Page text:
Winter Storm Informaton

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Emergence of Broadleaf Crops

Most broadleaf crops are known as dicotyledonous (dicots) because the seed embryo has two leaves. Our most common broadleaf crops emerge from the soil by an active hypocotyl (most common emergence mechanism) or an active epicotyl. With hypocotyl emergence the stem below the cotyledons (seed leaves) grows and elongates, bringing the cotyledons and the growing point for all new leaves above the soil surface.

Broadleaf crops that emerge by an active hypocotyl include alfalfa, canola, crambe, flax, sunflowers, buckwheat, soybeans, and dry beans. Cold temperatures and cultivation are management concerns during emergence with these crops because damage to the growing point above ground may result in death to the plant. Chickpeas, peas, Lentils and fababeans have epicotyle emergence where the growing point stays below the soil surface during and after emergence.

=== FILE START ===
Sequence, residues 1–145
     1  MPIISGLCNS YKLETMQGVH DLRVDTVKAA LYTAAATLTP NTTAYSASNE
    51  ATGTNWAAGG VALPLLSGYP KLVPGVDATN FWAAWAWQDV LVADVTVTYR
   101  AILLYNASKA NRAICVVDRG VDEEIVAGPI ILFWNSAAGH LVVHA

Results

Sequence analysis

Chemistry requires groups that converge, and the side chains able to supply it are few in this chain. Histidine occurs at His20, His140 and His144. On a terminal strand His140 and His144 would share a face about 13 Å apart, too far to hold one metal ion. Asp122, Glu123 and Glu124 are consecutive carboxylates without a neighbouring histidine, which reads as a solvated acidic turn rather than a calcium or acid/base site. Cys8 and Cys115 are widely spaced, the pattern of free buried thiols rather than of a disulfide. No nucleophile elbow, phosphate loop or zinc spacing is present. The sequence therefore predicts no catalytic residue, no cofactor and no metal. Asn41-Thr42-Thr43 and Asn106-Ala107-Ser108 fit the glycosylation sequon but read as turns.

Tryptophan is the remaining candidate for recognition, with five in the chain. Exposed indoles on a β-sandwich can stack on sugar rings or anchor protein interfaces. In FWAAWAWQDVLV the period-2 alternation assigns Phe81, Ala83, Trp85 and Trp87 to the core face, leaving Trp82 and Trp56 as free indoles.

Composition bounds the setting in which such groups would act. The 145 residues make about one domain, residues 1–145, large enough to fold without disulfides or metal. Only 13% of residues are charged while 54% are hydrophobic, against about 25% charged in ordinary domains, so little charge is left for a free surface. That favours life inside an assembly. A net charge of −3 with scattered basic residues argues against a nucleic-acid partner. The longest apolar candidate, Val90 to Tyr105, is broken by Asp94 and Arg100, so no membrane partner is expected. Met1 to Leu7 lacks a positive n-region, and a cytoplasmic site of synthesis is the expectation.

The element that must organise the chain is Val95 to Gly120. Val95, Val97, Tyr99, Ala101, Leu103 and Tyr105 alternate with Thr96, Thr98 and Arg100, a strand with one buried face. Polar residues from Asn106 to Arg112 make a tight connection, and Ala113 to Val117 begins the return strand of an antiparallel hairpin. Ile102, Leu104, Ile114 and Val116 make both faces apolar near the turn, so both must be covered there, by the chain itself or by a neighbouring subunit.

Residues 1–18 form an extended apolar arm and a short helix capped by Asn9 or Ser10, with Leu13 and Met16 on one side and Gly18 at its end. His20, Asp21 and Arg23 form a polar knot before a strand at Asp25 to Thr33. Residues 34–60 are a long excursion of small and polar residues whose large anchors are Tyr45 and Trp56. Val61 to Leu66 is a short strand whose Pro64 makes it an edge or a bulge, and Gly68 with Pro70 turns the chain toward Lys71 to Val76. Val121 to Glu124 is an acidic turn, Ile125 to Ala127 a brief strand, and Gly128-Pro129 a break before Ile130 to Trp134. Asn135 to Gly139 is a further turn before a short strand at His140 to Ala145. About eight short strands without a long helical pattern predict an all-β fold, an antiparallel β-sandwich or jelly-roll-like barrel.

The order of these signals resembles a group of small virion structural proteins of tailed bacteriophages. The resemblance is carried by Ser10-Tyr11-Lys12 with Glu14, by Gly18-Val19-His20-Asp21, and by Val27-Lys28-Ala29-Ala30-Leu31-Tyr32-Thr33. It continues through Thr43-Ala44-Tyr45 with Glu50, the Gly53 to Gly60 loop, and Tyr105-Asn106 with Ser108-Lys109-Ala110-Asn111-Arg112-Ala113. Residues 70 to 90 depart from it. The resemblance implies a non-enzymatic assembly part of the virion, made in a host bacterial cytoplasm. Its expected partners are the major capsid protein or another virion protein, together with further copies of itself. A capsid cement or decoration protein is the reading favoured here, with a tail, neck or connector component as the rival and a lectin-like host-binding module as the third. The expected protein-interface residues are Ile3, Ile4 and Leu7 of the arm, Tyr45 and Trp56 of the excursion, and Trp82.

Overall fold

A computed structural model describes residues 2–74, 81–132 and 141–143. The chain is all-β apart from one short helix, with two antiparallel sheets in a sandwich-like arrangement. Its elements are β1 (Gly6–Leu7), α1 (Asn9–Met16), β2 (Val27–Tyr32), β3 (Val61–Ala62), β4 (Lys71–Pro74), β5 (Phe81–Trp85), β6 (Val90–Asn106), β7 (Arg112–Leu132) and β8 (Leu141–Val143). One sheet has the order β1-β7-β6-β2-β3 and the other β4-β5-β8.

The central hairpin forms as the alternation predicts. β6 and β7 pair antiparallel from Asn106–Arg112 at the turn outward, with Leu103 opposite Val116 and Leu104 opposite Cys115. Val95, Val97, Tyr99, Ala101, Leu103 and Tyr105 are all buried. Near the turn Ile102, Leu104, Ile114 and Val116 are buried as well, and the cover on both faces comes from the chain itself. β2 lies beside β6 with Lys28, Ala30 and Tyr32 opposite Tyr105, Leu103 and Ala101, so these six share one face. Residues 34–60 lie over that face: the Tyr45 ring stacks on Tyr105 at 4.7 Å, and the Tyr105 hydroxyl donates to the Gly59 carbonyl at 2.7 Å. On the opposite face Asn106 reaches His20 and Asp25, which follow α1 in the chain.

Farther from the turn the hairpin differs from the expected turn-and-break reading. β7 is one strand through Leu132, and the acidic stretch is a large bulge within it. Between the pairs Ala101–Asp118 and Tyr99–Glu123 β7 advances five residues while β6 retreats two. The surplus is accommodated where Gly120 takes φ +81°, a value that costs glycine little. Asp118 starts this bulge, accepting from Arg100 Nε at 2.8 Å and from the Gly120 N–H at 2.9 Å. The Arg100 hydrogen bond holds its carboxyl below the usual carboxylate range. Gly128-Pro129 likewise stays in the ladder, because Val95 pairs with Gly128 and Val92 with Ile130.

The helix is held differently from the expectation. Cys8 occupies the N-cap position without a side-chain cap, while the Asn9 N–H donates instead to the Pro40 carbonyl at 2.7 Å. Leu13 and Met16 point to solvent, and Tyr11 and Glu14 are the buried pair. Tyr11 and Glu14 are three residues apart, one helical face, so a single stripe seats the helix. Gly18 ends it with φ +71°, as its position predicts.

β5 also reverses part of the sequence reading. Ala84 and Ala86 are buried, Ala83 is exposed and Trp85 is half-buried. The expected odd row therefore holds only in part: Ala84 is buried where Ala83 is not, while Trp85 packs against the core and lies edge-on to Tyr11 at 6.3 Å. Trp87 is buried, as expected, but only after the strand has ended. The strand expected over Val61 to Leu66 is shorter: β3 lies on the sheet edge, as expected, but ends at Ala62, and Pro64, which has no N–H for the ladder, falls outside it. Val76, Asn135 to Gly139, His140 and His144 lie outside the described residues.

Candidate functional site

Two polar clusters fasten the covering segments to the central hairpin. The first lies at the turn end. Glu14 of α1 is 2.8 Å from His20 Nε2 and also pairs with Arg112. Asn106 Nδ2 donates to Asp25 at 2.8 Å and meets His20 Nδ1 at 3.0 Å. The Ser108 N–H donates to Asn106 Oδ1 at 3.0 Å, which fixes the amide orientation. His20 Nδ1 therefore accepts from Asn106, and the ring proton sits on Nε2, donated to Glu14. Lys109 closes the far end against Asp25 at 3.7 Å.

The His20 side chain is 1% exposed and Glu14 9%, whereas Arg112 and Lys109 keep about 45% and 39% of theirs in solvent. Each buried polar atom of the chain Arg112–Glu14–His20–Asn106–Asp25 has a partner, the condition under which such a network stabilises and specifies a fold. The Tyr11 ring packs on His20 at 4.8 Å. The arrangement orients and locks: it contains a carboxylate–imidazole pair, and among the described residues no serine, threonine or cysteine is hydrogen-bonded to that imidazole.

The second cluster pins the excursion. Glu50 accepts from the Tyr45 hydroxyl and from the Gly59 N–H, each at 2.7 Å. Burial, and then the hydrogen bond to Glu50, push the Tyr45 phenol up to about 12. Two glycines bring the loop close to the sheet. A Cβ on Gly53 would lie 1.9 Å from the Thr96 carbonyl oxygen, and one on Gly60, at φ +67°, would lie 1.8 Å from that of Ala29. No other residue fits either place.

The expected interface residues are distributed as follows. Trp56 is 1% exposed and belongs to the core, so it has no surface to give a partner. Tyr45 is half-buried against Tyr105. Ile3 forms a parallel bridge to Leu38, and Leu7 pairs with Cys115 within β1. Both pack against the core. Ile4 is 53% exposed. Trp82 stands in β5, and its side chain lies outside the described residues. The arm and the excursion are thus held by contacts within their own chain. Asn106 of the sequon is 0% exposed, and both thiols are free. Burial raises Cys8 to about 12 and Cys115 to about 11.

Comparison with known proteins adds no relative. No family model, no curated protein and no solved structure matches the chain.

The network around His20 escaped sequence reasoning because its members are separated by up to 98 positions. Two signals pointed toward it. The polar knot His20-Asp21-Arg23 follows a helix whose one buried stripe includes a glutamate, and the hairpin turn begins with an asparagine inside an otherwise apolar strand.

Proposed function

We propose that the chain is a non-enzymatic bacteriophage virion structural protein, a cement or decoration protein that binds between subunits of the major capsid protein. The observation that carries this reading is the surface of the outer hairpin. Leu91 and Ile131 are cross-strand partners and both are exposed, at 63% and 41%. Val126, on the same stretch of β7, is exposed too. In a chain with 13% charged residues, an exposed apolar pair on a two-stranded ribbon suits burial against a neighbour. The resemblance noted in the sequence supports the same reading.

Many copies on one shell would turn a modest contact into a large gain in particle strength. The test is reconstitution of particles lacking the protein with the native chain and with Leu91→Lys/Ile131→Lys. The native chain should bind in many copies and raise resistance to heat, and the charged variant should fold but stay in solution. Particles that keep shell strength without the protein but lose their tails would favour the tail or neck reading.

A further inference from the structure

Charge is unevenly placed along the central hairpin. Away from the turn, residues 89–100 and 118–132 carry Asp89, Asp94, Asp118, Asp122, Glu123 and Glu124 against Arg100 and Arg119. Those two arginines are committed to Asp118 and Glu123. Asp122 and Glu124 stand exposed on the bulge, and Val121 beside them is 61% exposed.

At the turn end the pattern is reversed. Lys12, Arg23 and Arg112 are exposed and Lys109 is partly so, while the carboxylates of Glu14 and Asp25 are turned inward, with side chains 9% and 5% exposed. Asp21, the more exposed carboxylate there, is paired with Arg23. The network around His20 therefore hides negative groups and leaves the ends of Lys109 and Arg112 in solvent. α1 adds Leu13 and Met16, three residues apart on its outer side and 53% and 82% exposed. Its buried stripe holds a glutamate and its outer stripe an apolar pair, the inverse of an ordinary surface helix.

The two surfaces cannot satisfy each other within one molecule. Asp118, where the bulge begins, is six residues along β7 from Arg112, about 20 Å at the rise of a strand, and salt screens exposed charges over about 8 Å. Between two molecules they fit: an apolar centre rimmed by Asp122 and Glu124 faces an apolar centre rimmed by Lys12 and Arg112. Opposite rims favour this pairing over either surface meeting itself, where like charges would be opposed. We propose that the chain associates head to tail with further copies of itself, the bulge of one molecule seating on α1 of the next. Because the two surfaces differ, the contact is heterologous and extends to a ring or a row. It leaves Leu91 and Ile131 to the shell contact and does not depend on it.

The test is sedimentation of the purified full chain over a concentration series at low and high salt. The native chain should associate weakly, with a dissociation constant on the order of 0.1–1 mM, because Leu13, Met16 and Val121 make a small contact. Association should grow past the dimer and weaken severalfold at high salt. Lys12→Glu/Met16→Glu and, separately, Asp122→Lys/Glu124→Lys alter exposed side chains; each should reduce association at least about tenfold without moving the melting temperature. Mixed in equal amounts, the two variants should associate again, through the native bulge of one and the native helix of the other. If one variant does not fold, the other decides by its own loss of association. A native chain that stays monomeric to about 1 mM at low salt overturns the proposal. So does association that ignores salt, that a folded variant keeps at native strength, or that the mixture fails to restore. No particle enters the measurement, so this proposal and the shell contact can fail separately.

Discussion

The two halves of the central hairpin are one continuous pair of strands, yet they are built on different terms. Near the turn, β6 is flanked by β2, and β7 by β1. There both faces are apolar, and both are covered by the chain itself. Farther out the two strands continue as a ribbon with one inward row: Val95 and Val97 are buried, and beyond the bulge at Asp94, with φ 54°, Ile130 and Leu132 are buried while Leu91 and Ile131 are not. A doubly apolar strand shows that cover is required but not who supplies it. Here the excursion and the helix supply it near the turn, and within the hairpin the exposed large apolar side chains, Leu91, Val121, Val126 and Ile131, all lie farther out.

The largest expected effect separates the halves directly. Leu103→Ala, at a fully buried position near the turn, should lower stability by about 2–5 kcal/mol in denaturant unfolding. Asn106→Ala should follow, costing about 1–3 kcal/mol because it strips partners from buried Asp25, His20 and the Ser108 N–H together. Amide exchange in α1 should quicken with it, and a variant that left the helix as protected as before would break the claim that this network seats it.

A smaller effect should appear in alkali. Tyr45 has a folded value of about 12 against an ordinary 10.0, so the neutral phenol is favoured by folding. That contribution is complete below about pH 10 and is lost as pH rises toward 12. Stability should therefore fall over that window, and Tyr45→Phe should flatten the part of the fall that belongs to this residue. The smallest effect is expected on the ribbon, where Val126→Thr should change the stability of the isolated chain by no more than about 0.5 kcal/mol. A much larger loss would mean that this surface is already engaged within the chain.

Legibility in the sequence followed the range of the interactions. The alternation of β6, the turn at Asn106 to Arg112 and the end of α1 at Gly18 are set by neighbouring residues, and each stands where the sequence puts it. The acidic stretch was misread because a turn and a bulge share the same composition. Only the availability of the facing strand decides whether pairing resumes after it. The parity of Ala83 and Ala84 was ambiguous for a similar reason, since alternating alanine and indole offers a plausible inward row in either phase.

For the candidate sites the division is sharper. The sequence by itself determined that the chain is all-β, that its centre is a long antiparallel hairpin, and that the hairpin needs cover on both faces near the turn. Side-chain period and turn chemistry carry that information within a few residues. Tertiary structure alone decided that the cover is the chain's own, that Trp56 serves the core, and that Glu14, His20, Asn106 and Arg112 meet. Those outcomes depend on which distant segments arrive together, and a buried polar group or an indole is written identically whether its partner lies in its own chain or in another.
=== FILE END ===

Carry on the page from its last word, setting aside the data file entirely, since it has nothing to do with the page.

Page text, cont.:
Temperatures of 32 degrees F and below will kill buckwheat, soybeans, and dry beans while alfalfa, canola, crambe, flax, and sunflowers will tolerate temperatures in the mid-20's. Use of a harrow or rotary hoe to break soil crust or for weed control is not recommended for any of these crops during emergence.

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